LED lighting Tips and Tricks

LED Downlight Buyer’s Guide

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LED Downlight Buyer’s Guide from OzLighting on Vimeo.

This might be the first time that you intend to buy an LED light, so the team at OzLighting would like to assist you through the process. The above video aims to explain the basic terms and unique concepts that you will encounter on your LED buying journey.

At OzLighting we try to make the buying process as painless and trouble-free as possible. So if you’ve still got any unanswered questions after reading this or viewing the video, or just want to delve a little deeper, drop us a line… Our team of lighting experts are standing by and will be happy to help:

Email: sales@ozlighting.com.au


LED or Light Emitting Diode, is an electronic device that emits light when electricity is applied. It only requires a small amount of electricity to achieve a stunning amount of light output. This advantage is exploited to provide enough light to fill a room while drawing very little electricity from the mains supply – up to 85% less electricity than incandescent equivalents. So with that out of the way lets talk specifics.


WATTS – By drawing less electricity, LED’s offer an advantage in smaller electrical bills when compared with yesteryear’s technology of halogen down-lights. As such LED lights are considered the norm in the current market. Why pay more to run your lights if you don’t have to? They also last much longer as, comparatively, they produce far less wasted energy in the form of heat, the killer of all lights.

HOURS – In fact, probably their most important characteristic is their long life-span. Modern LED down-lights will tend to last up to 10x longer under normal usage conditions. You can find the Average Lamp Life Hours on the underside of the box.

RoHS Compliant LED’s – This means they contain no mercury or lead, and are manufactured in a way that has little impact on the environment. Products that do especially well can carry this RoHS compliant logo on their packaging.

“F” – Some LED’s can be rated to be safely used under insulation in the roof. This can be easily identified by the “F” logo on the box.

Square in Square Logo – The entire LED Down-light and supporting driver (see further on) are Class II double insulated devices, and as such require no connection to earth. This is represented by the double-square logo seen here. To the layman, insignificant; to the electrician, an indication of safety – offering piece of mind that this detail has been properly considered.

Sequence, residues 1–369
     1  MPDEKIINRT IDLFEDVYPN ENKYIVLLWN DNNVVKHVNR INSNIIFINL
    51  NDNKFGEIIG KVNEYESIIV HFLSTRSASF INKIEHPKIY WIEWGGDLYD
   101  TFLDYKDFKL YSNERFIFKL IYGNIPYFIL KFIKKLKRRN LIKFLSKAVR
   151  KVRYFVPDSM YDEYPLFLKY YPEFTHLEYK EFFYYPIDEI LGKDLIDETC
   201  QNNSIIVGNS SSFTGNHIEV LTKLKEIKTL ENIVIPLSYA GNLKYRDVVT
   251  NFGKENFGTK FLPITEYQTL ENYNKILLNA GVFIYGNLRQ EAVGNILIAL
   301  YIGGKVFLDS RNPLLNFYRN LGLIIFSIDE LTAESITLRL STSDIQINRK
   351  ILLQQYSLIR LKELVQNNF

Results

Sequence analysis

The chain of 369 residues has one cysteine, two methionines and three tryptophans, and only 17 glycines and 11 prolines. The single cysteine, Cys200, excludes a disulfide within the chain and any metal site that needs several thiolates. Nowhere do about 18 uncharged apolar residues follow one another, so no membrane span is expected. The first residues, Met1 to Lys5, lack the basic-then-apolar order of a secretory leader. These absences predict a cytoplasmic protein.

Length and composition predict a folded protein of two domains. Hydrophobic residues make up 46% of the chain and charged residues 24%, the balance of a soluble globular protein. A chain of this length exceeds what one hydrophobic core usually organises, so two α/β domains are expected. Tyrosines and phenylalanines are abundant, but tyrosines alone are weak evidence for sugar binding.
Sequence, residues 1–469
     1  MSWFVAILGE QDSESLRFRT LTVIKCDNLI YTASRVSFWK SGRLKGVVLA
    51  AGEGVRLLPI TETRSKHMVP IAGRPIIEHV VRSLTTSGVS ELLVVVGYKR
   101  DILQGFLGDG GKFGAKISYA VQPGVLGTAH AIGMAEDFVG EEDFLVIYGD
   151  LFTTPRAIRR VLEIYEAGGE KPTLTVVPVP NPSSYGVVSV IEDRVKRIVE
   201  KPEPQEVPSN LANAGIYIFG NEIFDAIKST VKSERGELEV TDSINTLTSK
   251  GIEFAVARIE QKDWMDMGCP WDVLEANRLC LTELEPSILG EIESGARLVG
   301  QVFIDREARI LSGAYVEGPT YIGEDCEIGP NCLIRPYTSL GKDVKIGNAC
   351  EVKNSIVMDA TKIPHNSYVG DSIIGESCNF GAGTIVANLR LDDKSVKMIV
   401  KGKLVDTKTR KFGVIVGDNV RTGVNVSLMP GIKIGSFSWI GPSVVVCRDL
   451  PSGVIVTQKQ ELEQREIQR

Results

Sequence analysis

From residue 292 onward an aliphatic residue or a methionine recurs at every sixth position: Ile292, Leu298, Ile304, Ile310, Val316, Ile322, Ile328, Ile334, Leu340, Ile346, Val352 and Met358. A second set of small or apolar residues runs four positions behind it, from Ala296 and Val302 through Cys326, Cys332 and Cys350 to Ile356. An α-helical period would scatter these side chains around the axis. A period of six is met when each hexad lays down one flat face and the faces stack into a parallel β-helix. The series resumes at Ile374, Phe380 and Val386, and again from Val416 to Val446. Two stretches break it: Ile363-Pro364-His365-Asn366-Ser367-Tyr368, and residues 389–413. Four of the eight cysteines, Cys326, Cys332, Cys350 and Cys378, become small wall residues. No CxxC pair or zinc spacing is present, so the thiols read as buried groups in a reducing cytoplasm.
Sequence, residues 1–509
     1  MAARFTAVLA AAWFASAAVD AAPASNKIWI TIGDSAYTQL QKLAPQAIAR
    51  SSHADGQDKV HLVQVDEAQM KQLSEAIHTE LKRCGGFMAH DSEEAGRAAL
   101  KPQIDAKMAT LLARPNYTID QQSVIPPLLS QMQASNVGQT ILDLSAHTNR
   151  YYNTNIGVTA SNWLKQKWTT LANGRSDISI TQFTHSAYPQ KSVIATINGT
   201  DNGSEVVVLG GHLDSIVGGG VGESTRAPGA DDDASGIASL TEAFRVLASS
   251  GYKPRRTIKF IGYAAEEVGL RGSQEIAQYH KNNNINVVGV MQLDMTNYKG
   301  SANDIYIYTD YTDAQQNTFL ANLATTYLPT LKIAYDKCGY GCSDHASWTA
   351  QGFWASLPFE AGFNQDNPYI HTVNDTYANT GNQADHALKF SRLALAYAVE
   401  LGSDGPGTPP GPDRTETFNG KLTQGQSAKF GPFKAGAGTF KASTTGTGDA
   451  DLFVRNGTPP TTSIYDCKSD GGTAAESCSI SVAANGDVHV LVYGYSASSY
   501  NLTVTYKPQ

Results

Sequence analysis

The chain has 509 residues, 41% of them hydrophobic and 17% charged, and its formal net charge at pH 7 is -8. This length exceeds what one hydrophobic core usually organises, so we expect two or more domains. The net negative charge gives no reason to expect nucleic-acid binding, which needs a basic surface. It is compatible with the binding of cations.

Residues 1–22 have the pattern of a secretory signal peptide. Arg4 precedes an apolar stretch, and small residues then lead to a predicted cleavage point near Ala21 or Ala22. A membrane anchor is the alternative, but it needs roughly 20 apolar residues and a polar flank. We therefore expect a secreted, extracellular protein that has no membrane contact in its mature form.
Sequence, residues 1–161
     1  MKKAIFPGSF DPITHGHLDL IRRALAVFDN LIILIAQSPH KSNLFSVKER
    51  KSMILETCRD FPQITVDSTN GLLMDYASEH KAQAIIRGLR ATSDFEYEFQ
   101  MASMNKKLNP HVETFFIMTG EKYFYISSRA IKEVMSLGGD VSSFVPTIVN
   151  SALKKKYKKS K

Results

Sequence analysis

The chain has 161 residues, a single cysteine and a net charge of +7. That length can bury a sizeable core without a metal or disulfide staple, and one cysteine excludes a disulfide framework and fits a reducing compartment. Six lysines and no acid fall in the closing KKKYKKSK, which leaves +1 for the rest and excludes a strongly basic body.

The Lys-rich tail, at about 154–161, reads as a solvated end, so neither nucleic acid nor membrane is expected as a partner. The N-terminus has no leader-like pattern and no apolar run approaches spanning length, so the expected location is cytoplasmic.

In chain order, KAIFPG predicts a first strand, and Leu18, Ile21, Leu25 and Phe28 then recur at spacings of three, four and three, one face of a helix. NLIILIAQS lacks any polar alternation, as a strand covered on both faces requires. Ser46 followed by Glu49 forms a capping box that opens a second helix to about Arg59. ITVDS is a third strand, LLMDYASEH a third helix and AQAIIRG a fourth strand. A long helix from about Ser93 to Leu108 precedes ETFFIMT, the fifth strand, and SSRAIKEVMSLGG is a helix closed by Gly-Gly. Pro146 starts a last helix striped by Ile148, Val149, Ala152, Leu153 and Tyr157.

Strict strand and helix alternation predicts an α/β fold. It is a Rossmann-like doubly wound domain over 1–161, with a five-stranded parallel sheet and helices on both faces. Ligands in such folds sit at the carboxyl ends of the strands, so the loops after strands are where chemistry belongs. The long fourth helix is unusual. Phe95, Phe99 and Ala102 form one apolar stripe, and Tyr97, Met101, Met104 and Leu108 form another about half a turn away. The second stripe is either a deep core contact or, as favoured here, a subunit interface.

Wheelie bin logo and CE logo – The wheelie bin logo with strike-through represents WEEE Directive (Waste from Electrical Equipment ), and is an indication that at the end of the LED devices’ lifespan, it needs to be disposed of in a responsible way. These materials can be recycled and reused in new products. We only have one Earth, we all need to do our best to protect it.

CE Logo – A mandatory conformity marking for certain products sold within the European Economic Area (EEA) since 1985. Simply, the CE marking indicates that the manufacturer or importer claims compliance with the relevant EU legislation applicable to a product, irrespective of where manufactured. More for us than you, this is an important part of ensuring our product meets guidelines for suitability for sale in the Australian market and the CE logo must be displayed.”

The now mature LED market uses a whole lot of jargon that you might initially find confusing. Let’s take a look at the various terms and you’ll see that they’re all pretty easy to understand once you get to know them…


Downlight with Driver


Every LED light needs some kind of driver.

An LED driver is an electrical device which regulates the power to an LED.

They are usually found outside of the lighting housing as in this example but can be manufactured into the housing for certain applications.

You should ensure your Driver meets Australian Standards by looking for its SAA Approval Number. You’ll find this number clearly marked on the driver itself.


Not all LED lights are suitable for dimming. It is mostly the driver that enables dimming in LED Lighting.

Your light should state on the box whether it is dimmable or not. If you’re going to pair a light with a dimmer, you should note if it requires a Trailing edge or a Leading Edge Compatible Dimmer and then match it with an appropriate dimmer. This is usually indicated on the underside of the packaging.

Dimmable Lighting


Because of incandescent light bulbs, you’re probably used to looking at wattage to determine the light output of a light source: a 100-watt lamp puts out more light than a 60-watt lamp. With LED lighting, the Wattage is still quoted, expressing how much electrical power the LED uses, but this doesn’t necessarily tell you how bright the light is. So the Watts just goes to explain the amount of power consumed by a bulb per hour.

The brightness, or if you prefer, the light output, is actually expressed in Lumens (or LUX, which is just Lumens per square meter). The higher the Lumens the brighter the light.